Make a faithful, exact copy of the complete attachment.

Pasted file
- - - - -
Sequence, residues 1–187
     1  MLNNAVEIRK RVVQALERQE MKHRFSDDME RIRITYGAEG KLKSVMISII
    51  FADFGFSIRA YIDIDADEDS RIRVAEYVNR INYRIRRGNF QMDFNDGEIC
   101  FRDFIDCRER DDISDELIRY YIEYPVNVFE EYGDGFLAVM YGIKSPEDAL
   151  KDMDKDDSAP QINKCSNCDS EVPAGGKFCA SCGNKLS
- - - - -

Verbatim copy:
Sequence, residues 1–187
     1  MLNNAVEIRK RVVQALERQE MKHRFSDDME RIRITYGAEG KLKSVMISII
    51  FADFGFSIRA YIDIDADEDS RIRVAEYVNR INYRIRRGNF QMDFNDGEIC
   101  FRDFIDCRER DDISDELIRY YIEYPVNVFE EYGDGFLAVM YGIKSPEDAL
   151  KDMDKDDSAP QINKCSNCDS EVPAGGKFCA SCGNKLS